Interactive reality show Rival Peak hit 100M minutes watched in its first season


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The game-like interactive reality show Rival Peak surpassed more than 100 million minutes watched for its first 12-week season, Genvid Technologies announced.

This Facebook show was one of the biggest interactive events so far this year, and it was created by Pipeworks Studios, Genvid, and DJ2 Entertainment.

The show got 200 million engagements across 13 simultaneous 24-hour, seven-day-a-week livestreams as well as a weekly wrap-up show hosted by actor Will Wheaton. The show was a new kind of interactive experience that was partly a game and partly a reality show. The audience consisted of real people, but the characters they watched were AI-based.

“We’re very happy with how this first experiment went, and the key metric we’re focused on is the 100 million minutes watched,” said Genvid CEO Jacob Navok in an interview with GamesBeat. “That’s up there with any form of entertainment, which is pretty cool as a new intellectual property.”

Above: Rival Peak’s audience grew over 12 weeks.

Image Credit: Genvid

The show featured 12 AI characters who are contestants in a Survivor-like competition set in an animated Pacific Northwest. The live audience could influence the outcome by grinding away at tasks and helping their favorite characters.

“The things that got people the most excited were the story parts like romances between some of the characters,” said Navok. “People really liked the romantic storyline and the drama beats.”

Rival Peak was most popular on mobile devices and attracted viewers from over 70 countries, with the largest audiences in the U.S., India, Mexico, and the Philippines. Weekly minutes watched grew at a weekly rate of 40%. After one month, weekly minutes watched were up over 300%. By the conclusion, they were over 55 times greater than the first week.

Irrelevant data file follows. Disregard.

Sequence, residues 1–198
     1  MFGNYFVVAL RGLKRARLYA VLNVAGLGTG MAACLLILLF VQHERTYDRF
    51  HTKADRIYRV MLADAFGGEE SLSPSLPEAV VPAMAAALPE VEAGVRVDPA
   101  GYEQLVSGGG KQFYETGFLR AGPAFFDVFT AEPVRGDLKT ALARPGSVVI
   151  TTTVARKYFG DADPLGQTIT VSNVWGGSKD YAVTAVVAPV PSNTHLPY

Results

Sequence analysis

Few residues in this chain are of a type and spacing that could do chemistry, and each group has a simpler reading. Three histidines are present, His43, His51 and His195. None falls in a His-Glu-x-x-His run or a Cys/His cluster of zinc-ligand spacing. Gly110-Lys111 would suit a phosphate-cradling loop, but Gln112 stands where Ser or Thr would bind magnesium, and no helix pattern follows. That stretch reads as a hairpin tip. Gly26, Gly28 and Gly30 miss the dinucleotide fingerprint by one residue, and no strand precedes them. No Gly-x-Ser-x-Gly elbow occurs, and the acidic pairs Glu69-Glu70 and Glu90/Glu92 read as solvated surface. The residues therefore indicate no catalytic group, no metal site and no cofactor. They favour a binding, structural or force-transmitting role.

Pipeworks CEO Lindsay Gupton said previously in an interview with GamesBeat that he had been talking about the idea with Navok for three years. No other company had the technology to pull off something like this, Gupton said. Pipeworks did an interactive stream on Twitch where the audience could vote on the results about five years ago. The developer tapped into tech like emergent AI and social broadcasting while Genvid made the interacting streaming technology possible.

Above: Rival Peak had a lot of interaction with the audience.

Image Credit: Genvid

Navok said that Rival Peak was the first-ever entry into the new Massive Interactive Live Event (MILE) category. The audience cast millions of votes, solved millions of puzzles, and assisted the characters (or not) in completing tasks and prioritizing goals. Viewers collectively influenced the direction and outcome of Rival Peak while individually helping the characters survive the wilderness and avoid elimination.

“The most sticky content we could generate that got some of the highest peaks in terms of concurrence was when we had streamers come on and talk about what was happening,” Navok said.

The TV show will be available through videos inside of the app now.

The live show had its challenges, as one segment fell off schedule because COVID issues interrupted the production. The team had to create an alternative rerun episode in a scenario that involved a crazy hacker taking over.

“It was crazy and none of this was part of the original plan,” Navok said.

Android accounted for 84% of the users. iOS was 12% (as it came on that platform at mid-season), and the PC/Mac was 4%. Facebook sponsored the show and broadcast the event.

“The global nature of it was really cool,” Navok said. “It’s not just North American and Europe. It’s India, Southeast Asia, the Philippines, Latin America, and Brazil. The biggest lesson is you never know what your biggest markets could be.”


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